But, for example, it's difficult to sell a DVD player that lets you skip the FBI warnings and the ads at the beginning of kids' DVD's, or to turn off macrovision on an NTSC output, or to play DVD's from all regions, or take .jpg screenshots of a playing DVD, because a network of laws (DMCA), industry associations granting licenses (DVDCCA), and key material with ``renewability'' regimes and silly copyright protection (the CSS player keys) forces player manufacturers to obey the instructions on the disk rather than the player's owner's commands. If you had software freedom, like you do when you assemble a free software player based on vlc + libdecss including all player keys + a dangersbrothers rpc1 ROM for your DVD drive, then you would immediately remove all these restrictions if they still existed by recompiling vlc. Thus the DMCA+DVDCCA+CSS network has to prevent you from playing DVD's with vlc period if they want to keep their content inside the DRM wrapper. Note that I'm not saying it's currently impossible to buy a region-free DVD player---obviously it IS possible, but it has in the past been difficult. It's subject to legal circumstance. However if a DVD player with software freedom existed, it would be region-free and not have any of these other restrictions on it either becuase the first geek who touched it would remove them all and then share his work: THAT part is fundamental and not subject to circumstance, that vlc never had any of these restrictions whenever it's been able to play a DVD.

It's DRM that's incompatible with software freedom, not the movie itself. I'm not confused: movies without DRM do exist, and need not be $0 free nor resamplable free to be without-DRM.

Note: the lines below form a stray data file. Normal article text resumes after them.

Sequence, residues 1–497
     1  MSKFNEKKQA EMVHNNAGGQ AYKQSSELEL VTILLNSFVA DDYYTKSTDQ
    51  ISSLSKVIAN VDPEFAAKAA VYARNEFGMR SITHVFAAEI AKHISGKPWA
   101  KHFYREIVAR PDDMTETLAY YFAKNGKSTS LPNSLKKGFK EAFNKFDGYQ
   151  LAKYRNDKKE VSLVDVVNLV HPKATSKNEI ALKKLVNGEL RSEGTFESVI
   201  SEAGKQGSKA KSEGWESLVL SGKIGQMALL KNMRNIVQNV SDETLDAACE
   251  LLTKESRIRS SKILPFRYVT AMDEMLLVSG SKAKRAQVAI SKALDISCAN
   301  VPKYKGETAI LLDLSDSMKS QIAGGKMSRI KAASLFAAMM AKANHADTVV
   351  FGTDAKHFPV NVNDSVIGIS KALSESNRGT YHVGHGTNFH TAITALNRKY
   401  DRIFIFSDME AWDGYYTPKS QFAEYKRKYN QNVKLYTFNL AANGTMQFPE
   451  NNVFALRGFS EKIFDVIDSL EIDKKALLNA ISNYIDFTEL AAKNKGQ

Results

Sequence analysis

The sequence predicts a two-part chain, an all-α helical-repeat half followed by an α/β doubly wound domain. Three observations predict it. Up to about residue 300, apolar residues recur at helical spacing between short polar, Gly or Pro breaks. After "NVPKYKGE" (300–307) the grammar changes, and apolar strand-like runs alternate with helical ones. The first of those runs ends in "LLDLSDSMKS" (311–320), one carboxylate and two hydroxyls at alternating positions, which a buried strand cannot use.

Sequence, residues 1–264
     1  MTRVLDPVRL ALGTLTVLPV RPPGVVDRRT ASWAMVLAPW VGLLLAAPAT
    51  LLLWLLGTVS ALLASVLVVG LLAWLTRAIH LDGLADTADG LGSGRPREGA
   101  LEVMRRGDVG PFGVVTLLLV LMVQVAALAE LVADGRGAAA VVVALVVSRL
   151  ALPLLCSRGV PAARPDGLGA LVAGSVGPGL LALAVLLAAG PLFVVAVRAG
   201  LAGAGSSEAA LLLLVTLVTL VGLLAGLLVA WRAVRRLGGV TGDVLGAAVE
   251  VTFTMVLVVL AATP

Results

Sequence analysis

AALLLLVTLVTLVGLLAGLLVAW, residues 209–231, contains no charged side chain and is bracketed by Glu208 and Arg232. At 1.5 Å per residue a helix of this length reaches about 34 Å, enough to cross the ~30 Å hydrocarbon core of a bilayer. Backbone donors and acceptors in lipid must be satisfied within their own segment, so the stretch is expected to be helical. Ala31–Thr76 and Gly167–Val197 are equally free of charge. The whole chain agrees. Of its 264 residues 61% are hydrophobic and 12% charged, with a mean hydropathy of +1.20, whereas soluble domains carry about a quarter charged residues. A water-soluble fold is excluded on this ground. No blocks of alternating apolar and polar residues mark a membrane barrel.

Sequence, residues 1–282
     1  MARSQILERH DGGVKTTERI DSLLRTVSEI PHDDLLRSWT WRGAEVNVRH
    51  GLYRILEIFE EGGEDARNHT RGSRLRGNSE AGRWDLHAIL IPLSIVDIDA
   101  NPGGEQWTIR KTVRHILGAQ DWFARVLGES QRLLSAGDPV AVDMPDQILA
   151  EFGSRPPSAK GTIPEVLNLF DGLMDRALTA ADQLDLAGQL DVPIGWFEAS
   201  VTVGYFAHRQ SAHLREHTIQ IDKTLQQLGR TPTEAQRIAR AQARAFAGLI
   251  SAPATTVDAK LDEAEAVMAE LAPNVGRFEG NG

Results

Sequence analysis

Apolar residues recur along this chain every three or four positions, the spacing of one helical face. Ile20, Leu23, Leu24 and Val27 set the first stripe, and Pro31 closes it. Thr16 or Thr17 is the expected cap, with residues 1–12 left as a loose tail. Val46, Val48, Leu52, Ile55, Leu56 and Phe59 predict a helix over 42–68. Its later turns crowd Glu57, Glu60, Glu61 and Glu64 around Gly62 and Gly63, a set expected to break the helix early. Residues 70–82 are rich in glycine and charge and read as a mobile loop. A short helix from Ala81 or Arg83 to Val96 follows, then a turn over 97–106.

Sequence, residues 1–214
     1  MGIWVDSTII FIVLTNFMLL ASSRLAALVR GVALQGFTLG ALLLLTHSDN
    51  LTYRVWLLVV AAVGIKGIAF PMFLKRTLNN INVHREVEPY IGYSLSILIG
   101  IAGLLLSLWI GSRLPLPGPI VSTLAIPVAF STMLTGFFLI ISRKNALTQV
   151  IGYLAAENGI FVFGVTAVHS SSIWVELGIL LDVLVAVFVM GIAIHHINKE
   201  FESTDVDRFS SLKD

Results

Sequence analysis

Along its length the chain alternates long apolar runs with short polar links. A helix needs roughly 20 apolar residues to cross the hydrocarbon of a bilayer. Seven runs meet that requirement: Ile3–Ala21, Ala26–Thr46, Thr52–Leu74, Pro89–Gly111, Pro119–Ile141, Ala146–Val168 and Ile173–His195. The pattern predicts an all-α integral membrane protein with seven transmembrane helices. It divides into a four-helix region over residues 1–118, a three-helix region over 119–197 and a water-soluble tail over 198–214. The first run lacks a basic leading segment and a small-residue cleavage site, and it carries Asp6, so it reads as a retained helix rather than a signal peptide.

What's more, DRM's not incompatible with Linux. DRM can be done on Linux because Linux is locked at GPLv2. If Linux could be upgraded to GPLv3 (it can't bc Linus deleted the ``or any later version'' clause and didn't centralize copyright ownership), then DRM on Linux would become a lot more difficult because the Tivoizing and Appstore-chain-of-signatures tricks wouldn't work, but I bet it would still be easy in practice to do sufficiently frustrating DRM under a GPLv3 kernel.

Comment Re:Roku is linux (Score 5, Insightful) 481 481

This is a great point: Linux isn't incompatible with DRM, but open source is. If you gave people a DRM player for which they truly had in-practice software freedom, the first thing they'd do is remove all the DRM.

The post confuses Linux and open source, but Netflix is still fundamentally an anti-software-freedom company because their entire business is built on DRM which will always be incompatible with software freedom.

Actually writing a Linux client has nothing to do with any of this. The streaming part of Netflix's business makes them into subcontractors of the Hollywood studios: they deliver Hollywood content to eyeballs with iron-clad digital restrictions management in exchange for a cut of the fees flowing back to the studios. DRM is their entire business. They will always be primarily harmful to any real movement for software freedom.

Linux actually makes a great DRM platform: TiVo invented a whole term for it, ``tivoization'', where you have all the source code and ability to recompile the kernel, but then you can't run it anywhere because the hardware only runs signed kernels.

Likewise, I think the Android app store is extending this all the way down to the userland, right? where for example Skype will only run on phones with ``untampered'' google-signed kernels and hardware? I might be wrong---hard to keep up.

Anyway, why wasn't the DRM vs. software freedom point in the first post? I thought every Linux user knew this. Do people really think Linux == $0, and that's that?

Comment Re:This is well known to a small community (Score 5, Insightful) 123 123

Yes, that's my understanding as well---the point of slow start is to go easy on the output queues of whichever routers experience congestion, so if congestion happens only on the last mile a hypothetical bad slow-start tradeoff does indeed only affect that one household (not necessarily only that one user), but if it happens deeper within the Internet it's everyone's problem contrary to what some other posters on this thread have been saying.